TORONTO (Reuters) - The Canadian dollar slumped to its lowest level in more than two weeks against the U.S. dollar on Friday after soft domestic employment data and anxiety over Europe’s debt crisis outweighed the positive implications of an impressive U.S. jobs report.
Most of the details in the Canadian employment survey disappointed. The economy added 17,500 jobs in December, but the jobless rate rose and the new positions were all part-time, further evidence the post-recession hiring surge has ended even as U.S. jobs growth finally picks up the pace.
Canada outperformed the United States both during and after the global financial crisis, recovering all of the jobs it lost in the recession. But the reports on Friday suggest that relative strength could be waning.
“Canada is somewhat out of step with the rest of the world and that still seems to be the case after today’s report ... maybe we’re a victim of our own success,” said Sheryl King, head of Canadian economics at Bank of America-Merrill Lynch.
The Canadian dollar ended the North American session at C$1.0270 to the U.S. dollar, or 97.37 U.S. cents, down from Thursday’s North American finish at C$1.0191 against the U.S. dollar, or 98.13 U.S. cents. The currency ended the first week of 2012 down 1 percent.
Weak U.S. and Canadian equity markets and a plunging euro didn’t help sentiment for Canada’s cyclical currency, as investors continued to worry about funding for European governments and banks. .N .TO
“It’s just more generally risk-off sentiment. I think the Canadian jobs data on the margin had a role to play because the Canadian dollar is the worst performer on the day relative to the U.S.,” said David Tulk, chief Canada macro strategist at TD Securities.
“It’s added a little sense of unease into the market.”
In a wobbly session, the currency briefly turned positive after the U.S. data, which showed employment growth accelerated last month and the jobless rate dropped to a near three-year low of 8.5 percent, the strongest evidence yet the economic recovery is picking up.
Investors said however that the “whisper number” for the jobs data on Friday was probably higher than official forecasts after a standout private sector ADP report on Thursday.
“Maybe that had created some expectation for something stronger so there was the sense that it was it going to disappoint given the mixed evidence of the ADP,” added Tulk.
Spoiling broader risk appetite, the euro fell to 16-month lows against a robust greenback as investors compared sovereign funding concerns and the outlook for the euro zone to an improving U.S. economic recovery.
The market is seen staying on edge ahead of Italian and Spanish bond sales next week, viewed as the year’s first big fundraising tests for struggling euro zone countries.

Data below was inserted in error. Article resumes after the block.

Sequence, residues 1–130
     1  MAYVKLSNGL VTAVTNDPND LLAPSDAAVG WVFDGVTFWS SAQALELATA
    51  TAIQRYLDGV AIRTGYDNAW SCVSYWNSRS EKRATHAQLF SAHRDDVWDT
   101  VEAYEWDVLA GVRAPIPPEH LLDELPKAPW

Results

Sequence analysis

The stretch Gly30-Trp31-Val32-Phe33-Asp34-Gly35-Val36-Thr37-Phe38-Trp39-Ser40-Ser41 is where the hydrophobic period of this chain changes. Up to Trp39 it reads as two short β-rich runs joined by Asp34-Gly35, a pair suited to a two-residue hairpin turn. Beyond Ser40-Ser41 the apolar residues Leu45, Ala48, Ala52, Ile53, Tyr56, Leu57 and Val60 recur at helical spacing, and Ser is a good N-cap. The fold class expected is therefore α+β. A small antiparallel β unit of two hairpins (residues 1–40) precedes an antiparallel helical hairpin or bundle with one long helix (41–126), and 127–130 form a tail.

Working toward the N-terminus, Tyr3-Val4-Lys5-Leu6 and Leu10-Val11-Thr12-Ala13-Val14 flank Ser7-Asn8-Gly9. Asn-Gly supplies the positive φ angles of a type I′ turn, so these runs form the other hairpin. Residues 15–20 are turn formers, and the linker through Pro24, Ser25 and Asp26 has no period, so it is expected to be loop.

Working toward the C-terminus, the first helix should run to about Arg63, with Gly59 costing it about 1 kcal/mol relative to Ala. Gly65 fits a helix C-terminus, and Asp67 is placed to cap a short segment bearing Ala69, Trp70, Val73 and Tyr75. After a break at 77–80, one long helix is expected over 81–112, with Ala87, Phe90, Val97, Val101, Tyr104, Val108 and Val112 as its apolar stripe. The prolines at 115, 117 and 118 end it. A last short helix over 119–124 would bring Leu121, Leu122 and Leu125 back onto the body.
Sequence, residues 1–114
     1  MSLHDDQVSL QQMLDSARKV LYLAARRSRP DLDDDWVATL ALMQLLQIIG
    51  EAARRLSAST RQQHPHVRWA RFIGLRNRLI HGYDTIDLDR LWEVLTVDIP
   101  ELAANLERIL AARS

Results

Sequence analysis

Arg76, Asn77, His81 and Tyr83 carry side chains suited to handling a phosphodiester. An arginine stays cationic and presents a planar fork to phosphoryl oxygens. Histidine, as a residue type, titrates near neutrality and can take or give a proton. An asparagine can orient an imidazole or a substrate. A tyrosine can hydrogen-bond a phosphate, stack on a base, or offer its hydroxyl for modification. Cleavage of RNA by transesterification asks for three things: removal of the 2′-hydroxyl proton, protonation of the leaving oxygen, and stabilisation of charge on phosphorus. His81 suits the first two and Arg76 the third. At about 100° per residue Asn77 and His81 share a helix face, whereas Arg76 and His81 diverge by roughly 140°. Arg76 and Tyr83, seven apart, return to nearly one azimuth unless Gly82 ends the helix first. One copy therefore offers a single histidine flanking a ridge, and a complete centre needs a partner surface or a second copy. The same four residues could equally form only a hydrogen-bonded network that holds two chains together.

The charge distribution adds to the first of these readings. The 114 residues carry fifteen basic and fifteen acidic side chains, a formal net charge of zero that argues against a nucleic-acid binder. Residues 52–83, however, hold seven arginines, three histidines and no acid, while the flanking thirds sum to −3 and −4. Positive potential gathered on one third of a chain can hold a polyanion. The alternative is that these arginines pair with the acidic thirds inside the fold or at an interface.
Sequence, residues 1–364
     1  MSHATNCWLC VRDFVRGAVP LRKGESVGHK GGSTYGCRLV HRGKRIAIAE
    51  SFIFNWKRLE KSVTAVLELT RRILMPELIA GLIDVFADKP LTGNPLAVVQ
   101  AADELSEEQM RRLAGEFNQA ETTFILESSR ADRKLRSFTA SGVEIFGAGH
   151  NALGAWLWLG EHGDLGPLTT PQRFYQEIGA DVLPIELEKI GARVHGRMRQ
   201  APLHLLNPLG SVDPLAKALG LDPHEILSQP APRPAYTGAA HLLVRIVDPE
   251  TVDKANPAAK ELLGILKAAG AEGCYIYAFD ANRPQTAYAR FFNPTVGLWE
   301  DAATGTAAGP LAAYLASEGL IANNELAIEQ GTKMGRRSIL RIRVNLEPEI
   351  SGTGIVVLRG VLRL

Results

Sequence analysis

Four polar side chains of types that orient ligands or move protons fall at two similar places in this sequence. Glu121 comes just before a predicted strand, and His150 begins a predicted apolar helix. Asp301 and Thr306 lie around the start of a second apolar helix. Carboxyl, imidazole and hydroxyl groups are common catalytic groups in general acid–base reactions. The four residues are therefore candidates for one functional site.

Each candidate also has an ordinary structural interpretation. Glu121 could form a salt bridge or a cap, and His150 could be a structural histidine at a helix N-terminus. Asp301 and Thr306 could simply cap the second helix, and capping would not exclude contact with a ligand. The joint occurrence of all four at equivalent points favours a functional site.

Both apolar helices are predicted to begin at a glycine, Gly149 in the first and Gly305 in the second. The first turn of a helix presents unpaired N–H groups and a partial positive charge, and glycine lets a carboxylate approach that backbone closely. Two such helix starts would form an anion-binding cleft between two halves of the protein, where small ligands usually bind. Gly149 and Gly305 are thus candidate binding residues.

As well, eyes will be on a meeting between French President Nicolas Sarkozy and German Chancellor Angela Merkel on Monday for fresh hints on steps they may take to try to resolve the currency bloc’s financial crisis.
With the United States Canada’s biggest trading partner by far, analysts say the improving outlook for the U.S. economy is going to play well for Canada economy and the Canadian dollar in the next year.
“Specifically on the crosses I like very much euro/Canada, Aussie/Canada, selling the currencies and buying Canada against both,” said Firas Askari, head of foreign exchange trading at BMO Capital Markets.
In coming weeks, Askari said he sees the Canadian dollar trading in a range of between C$1.0050 and C$1.04 against the greenback.
Overnight index swaps, which trade based on expectations for the Bank of Canada’s key policy rate, suggest that traders see a higher probability of an interest rate cut in the second half of 2012, which would be negative for the currency.
Canadian bond prices rose, tracking U.S. Treasuries higher as a modest stock market retreat and remarks from top U.S. Federal Reserve officials calling for more monetary stimulus overshadowed more evidence of a revival in the U.S. labor market.
However, the two-year government bond, which is especially sensitive to Bank of Canada interest rate moves, outperformed its U.S. counterpart at the short end of the curve, rising 7 Canadian cents to yield 0.929 percent.
“We also have further to fall ... two years at 25 basis points in the U.S. are affectively as low as they can go, whereas Canada is still at 1 percent. There’s a little bit more opportunity for investors to express a view,” added TD’s Tulk.
The 10-year bond underperformed slightly in the flight to safety, climbing 27 Canadian cents to yield 1.942 percent.
Additional reporting by Jennifer Kwan; editing by Rob Wilson